The billionaire who won’t bid for the Australian government’s health job

The specter of rising interest rates, inflation and the geopolitical shockwave of war in Ukraine haunts Australian businesses, but the billionaire boss of medical imaging software company Pro Medicus is imperturbable.

Dr Sam Hupert, who began his career as a general practitioner, has seen all manner of market conditions since co-founding the company with Anthony Hall in 1983. He said the business would be shielded from global economic turmoil post-pandemic due to the essential nature of its products and the company’s cautious approach to leverage.

“We’re a bit of a hybrid because we’re a growing company, but we’re making money; we have no debts and we pay dividends,” said the managing director of Pro Medicus. “We are financially conservative, it’s in our DNA.”

“We’re financially conservative, it’s in our DNA,” said billionaire Sam Hupert, co-founder of medical imaging software company Pro Medicus. Credit:Simon Schluter

Much of the company’s growth has occurred amid the COVID-19 pandemic of the past two years. The company, which sells imaging software to hospitals and radiology groups, has established a foothold in the US market and has signed several long-term hospital partnerships for its products.

The Pro Medicus software, which was developed by co-founder Anthony Hall, is centered on a platform called Visage, which allows radiologists and physicians to organize, access and store medical scans, including allowing them to remotely access high quality imagery. The company is also working on integrating a variety of artificial intelligence tools into its offering, including an algorithm that has been approved in the United States, Europe and Australia that reads mammograms and helps radiologists assess the composition of breast tissue to detect signs of potential cancers.

Its customers include Australia’s two largest radiology providers, Primary Healthcare and I-Med, the University of California and Novant Health. Pro Medicus has contracts with seven US hospitals, but only has a small share of the US $2.4 billion ($3.3 billion) software radiology market. It also expanded into Europe with a contract from the German government.

“No other competitor that we know of has widely deployed cloud-based medical viewers across large hospital networks,” Royal Bank of Canada analyst Garry Sherriff wrote after the company’s half-year results last month.

In February, Pro Medicus reported half-year net profit of $20.7 million, up 53%. The company is capitalized at just under $5 billion in the stock market, with Hupert and Hall each controlling 26% of the shares, worth more than $1 billion each.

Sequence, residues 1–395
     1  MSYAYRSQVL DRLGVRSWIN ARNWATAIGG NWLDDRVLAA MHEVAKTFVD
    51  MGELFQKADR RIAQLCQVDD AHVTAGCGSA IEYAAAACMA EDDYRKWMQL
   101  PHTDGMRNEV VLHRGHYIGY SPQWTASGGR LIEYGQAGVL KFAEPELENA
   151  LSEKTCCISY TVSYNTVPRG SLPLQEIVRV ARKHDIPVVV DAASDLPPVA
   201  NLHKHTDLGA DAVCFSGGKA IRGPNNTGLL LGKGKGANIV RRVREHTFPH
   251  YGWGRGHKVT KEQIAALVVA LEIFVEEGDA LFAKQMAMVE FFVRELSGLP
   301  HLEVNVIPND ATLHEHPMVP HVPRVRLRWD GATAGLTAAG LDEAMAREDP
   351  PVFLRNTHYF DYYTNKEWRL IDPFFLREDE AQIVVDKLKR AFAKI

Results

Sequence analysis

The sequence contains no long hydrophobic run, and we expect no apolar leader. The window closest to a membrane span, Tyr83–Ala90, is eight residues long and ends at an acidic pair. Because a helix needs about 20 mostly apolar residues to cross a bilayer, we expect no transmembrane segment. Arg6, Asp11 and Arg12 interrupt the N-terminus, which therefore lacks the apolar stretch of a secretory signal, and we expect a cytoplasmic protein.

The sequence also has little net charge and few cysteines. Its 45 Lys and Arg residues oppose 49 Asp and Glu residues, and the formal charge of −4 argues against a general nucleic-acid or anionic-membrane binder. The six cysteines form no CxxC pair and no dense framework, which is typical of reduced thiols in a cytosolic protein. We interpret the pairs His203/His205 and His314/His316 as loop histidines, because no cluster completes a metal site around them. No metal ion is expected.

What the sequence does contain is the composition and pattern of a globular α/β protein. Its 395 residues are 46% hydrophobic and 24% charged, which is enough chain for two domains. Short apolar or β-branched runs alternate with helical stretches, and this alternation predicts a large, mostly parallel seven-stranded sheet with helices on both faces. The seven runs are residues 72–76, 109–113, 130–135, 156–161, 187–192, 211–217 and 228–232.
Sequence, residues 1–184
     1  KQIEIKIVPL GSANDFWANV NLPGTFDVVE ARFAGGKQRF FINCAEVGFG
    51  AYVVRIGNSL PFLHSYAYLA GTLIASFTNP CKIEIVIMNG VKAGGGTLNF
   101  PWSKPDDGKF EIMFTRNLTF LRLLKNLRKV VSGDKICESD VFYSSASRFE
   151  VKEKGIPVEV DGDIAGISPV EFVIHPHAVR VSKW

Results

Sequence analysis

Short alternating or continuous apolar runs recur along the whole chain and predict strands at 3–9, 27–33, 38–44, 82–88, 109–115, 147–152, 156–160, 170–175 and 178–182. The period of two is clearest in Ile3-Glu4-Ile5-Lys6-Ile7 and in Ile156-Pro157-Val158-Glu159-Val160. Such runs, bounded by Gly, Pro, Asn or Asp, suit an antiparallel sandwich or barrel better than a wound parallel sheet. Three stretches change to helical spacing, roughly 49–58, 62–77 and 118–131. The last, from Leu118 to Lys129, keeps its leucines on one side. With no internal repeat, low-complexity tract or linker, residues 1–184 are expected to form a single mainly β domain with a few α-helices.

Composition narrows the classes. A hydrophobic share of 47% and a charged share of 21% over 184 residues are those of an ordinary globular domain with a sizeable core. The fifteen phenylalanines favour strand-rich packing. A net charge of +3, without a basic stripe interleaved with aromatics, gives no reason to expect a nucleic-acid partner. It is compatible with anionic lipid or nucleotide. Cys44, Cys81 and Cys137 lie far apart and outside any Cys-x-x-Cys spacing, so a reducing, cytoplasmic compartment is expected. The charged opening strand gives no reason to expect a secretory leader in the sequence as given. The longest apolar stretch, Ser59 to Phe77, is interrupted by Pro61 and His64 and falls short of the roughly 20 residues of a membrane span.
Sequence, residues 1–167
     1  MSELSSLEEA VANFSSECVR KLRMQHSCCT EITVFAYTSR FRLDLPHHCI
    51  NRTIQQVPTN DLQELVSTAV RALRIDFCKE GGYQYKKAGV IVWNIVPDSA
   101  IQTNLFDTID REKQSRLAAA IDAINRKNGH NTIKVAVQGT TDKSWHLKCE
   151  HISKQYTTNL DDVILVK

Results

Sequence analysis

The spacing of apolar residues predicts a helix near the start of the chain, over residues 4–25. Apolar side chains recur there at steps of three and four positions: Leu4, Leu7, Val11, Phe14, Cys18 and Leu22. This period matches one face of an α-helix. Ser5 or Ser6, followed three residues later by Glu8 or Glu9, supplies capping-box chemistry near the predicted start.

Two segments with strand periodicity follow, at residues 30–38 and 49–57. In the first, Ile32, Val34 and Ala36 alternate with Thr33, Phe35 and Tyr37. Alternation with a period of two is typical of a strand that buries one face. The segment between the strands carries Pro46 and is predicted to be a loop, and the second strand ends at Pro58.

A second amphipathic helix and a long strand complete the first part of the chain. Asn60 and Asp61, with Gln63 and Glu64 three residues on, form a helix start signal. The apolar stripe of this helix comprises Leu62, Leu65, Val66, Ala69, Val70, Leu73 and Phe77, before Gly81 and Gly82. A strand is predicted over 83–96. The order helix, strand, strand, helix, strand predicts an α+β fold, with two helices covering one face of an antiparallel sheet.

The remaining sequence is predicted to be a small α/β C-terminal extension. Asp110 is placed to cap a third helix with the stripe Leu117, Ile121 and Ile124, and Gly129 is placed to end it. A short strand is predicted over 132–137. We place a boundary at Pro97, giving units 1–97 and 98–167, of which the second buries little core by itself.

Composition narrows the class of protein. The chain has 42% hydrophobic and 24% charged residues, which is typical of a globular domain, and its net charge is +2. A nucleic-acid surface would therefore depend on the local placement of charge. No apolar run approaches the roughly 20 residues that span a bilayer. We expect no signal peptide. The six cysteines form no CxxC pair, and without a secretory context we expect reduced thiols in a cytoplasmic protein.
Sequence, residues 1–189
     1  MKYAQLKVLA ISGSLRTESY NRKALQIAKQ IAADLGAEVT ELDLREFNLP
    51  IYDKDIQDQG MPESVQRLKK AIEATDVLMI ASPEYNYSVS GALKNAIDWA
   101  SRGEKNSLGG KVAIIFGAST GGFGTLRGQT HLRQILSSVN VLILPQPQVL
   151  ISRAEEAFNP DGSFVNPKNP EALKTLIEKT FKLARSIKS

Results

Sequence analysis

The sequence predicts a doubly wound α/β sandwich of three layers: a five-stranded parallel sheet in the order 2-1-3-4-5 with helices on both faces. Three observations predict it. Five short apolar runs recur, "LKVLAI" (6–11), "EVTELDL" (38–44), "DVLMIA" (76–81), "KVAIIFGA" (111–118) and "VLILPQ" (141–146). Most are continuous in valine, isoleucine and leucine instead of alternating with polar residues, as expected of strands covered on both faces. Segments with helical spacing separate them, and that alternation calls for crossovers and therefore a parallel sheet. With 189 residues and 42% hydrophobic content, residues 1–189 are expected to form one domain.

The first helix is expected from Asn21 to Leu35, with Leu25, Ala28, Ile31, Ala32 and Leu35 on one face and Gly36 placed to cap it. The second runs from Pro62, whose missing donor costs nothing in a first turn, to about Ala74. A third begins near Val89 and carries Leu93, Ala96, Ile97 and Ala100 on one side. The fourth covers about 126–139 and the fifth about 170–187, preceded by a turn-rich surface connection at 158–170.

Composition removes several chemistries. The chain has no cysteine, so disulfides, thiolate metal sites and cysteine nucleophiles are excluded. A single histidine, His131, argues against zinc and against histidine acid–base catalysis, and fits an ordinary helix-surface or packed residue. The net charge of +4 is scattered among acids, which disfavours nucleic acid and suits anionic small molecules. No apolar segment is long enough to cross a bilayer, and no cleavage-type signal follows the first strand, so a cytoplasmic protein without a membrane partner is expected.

The two men financed the development of the company before its IPO in October 2000, when it traded at $1.25 a share. They remain the two largest shareholders, with the stock recently trading at $46.17.

Hupert said implementing Pro Medicus technology in a hospital operator could be as complex as developing the software. “It’s very demanding. You have 400 or 500 radiologists, all geographically dispersed, all moving from system to system. It’s a big hit.

As Pro Medicus expands in the United States, Hupert said the company will fund growth from its balance sheet, with at least $57 million in cash reserves. For now, the company intends not to go into debt. “In these times, it is important. It may help us for others [companies’] valuations are a bit tight.

Fund managers, such as Victor Windeyer, the portfolio manager of Australian Unity’s $200 million healthcare fund, have been impressed with the company’s growth and quality. In the most recent half-year results, Pro Medicus revenue rose 40% to $44.3 million. The company’s Australian revenue is only a small part of its potential – Pro Medicus generated $7 million in software sales during the Australian half – while the bulk of the revenue, $33 million, came from the United States.

Global market analysis firm Statista has forecast that the digital health tools market will be worth US$417 billion ($567 billion) worldwide by the end of next year.

Pro Medicus is the eighth largest ASX healthcare stock and joins a cohort of local companies that have significant operations outside Australia, including ResMed, CSL and Fisher & Paykel Healthcare, and Ramsay Health Care.

“We do not tender for Australian government work. It’s just not worth it. »

Sam Hupert, Managing Director of Pro Medicus

The pandemic of the past two years has renewed the focus on Australian manufacturing of medical equipment and the importance of fostering local innovation in healthcare.

Asked how federal and state governments could create a better environment for the sector, Hupert said an overhaul of local procurement processes would be a good start, such as streamlining the bidding process for contractors. healthcare, which has “too many doors and hoops”. He said contracts were often decided by those not working on the front line.

Australian company Pro Medicus, which operates in the United States and Europe, does not tender for national government work because it is not worth it.

Australian company Pro Medicus, which operates in the United States and Europe, does not tender for national government work because it is not worth it.Credit:Jessica Shapiro

“It’s telling that we don’t bid for Australian government work. We think it’s just not worth it,” he says. “It’s run by bureaucrats, with clinicians far behind. How would a bureaucrat know what makes a good clinical office for a radiologist? »

As the company expands its reach in Europe in the coming years, Hupert says it’s natural for local medtech companies to think outside of Australia. “In my mind, you do it overseas like we did, or you don’t.”

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